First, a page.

Pimpinella Sanguisorba. The great wild Burnet hath winged leaves rising from the roots like the garden Burnet, but not so many; yet they are twice as large, and notched in the same manner about the edges, of a greyish colour on the under side; the stalks are greater, and rise higher, with similar leaves, and greater heads at the top, of a brownish colour, and out of them come small dark purple flowers like the former, but larger. The root is black and long like the other. It has very little scent or taste.

The first grows in gardens. The wild grows by waysides, and in dry places. They flower in June and July.

Herbal Remedies and Medicinal Uses of Burnet:

It is a most precious herb, little inferior to Betony. The continual use of it preserves the body in health, and the mind in vigour. It is a friend to the heart, liver, and other principal parts of a man's body. Two or three of the stalks, with leaves put into a cup of wine, especially claret, are known to quicken the spirits, and drive away melancholy.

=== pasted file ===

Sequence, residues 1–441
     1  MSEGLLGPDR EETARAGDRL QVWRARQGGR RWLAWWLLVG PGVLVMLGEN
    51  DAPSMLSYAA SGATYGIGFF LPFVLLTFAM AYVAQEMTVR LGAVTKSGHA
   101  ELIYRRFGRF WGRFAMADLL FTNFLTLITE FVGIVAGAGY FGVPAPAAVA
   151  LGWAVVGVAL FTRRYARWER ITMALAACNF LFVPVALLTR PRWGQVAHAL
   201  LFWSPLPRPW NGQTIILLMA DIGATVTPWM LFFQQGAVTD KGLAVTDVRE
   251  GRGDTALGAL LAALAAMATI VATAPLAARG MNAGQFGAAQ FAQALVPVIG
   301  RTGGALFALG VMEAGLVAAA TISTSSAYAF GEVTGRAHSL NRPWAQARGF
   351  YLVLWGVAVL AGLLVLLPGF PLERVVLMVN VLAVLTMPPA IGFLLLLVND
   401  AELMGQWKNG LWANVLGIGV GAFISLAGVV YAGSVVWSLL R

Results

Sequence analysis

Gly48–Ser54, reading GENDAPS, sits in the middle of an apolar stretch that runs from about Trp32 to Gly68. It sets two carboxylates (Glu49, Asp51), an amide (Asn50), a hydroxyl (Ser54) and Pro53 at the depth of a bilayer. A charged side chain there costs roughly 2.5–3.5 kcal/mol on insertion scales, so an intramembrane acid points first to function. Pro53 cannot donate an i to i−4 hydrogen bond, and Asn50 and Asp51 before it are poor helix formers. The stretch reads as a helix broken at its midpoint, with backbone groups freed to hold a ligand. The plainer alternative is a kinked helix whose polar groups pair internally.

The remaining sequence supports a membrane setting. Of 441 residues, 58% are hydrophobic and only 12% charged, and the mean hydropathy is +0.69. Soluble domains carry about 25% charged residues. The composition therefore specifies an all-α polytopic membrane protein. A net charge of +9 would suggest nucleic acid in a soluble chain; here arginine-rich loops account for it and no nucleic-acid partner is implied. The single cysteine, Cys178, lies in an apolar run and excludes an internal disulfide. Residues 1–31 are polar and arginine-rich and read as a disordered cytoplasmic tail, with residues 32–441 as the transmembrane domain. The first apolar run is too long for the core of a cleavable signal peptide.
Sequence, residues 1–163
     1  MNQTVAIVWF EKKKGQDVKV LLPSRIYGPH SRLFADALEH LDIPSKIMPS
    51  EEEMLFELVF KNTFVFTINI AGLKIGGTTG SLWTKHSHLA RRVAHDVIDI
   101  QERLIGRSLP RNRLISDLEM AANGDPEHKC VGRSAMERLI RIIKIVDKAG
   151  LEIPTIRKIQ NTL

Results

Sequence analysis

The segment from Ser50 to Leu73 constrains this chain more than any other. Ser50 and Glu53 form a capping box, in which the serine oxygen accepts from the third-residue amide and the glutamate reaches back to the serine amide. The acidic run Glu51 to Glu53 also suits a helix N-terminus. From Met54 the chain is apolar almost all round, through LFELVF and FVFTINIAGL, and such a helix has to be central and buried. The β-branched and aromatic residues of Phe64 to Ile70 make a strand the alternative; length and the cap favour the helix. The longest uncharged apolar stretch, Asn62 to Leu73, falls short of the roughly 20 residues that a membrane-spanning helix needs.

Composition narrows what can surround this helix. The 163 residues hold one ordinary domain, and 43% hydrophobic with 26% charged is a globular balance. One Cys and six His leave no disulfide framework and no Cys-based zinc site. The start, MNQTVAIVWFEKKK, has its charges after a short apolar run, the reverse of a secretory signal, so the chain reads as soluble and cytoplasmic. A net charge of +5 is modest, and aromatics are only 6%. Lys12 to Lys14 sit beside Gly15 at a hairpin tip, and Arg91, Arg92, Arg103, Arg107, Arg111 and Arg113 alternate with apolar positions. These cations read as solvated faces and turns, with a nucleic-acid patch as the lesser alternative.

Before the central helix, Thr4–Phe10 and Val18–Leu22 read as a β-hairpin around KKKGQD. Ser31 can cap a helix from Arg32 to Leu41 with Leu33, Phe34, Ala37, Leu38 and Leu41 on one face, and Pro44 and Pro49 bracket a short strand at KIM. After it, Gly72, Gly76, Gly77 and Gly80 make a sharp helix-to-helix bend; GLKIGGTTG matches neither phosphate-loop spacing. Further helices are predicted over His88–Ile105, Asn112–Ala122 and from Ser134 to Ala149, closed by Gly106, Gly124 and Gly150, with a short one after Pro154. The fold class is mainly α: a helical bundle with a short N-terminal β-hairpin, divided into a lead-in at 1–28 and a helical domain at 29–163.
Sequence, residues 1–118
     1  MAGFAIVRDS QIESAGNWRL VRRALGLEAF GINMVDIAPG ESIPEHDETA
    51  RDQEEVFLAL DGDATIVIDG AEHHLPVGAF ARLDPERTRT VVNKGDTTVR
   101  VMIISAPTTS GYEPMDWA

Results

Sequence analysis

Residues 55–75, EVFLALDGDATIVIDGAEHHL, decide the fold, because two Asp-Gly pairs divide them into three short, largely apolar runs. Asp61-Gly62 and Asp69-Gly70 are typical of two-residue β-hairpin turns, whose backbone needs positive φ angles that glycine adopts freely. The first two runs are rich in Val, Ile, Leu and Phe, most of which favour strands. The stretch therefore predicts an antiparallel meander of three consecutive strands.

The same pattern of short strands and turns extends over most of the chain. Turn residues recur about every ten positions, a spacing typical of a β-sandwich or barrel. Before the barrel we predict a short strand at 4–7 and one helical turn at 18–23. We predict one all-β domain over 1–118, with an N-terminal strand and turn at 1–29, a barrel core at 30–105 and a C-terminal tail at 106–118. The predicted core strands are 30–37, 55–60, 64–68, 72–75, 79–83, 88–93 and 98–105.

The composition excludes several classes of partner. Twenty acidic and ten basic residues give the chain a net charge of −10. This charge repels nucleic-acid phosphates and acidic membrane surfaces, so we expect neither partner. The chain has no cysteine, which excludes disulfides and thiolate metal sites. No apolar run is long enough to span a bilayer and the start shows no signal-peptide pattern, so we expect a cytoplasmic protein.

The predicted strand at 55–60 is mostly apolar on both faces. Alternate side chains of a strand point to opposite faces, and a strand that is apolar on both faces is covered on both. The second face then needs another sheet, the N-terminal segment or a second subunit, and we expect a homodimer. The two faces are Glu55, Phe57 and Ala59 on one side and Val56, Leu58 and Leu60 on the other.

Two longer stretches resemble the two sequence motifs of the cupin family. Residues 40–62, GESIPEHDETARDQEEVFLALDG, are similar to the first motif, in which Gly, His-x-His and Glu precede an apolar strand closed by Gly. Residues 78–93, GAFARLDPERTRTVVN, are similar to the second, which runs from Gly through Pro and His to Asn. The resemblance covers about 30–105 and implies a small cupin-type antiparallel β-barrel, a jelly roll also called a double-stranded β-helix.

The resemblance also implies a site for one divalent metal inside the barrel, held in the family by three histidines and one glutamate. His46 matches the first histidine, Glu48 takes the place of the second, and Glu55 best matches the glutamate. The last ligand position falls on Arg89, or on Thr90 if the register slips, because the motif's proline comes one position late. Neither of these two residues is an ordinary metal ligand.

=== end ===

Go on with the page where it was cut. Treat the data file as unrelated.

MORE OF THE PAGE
It is a special herb against infection, the juice being taken in some drink, and the party laid to sweat. It has also an astringent quality, and will stop fluxes of blood or humours, staunch bleedings inward or outward, women's too-abundant courses, the whites, and the choleric belchings of the stomach. It is a good herb for all sorts of wounds, both of the head and body, either in­ward or outward, used either in juice or decoction, or by powder of the root, or distilled, or made into an ointment.
Important Disclaimer:   The information contained on this web site is for educational purposes only. It is not intended to diagnose, treat, or cure any diseases. Any information presented is not a substitute for professional medical advice and should not take the place of any prescribed medication. Please do not use this information to diagnose or treat a health problem or disease without consultation with your physician.

This page and the rest of the encyclopedia of medicinal herbs was reproduced from old herbals written in the 1700 and 1800s. They are of historical interest to show the traditional uses of various herbs based on folk medicine and ancient wisdom. However the traditional uses for these herbs have not been confirmed by medical science and in some cases may actually be dangerous. Do not use the these herbs for any use, medicinal or otherwise, without first consulting a qualified doctor.

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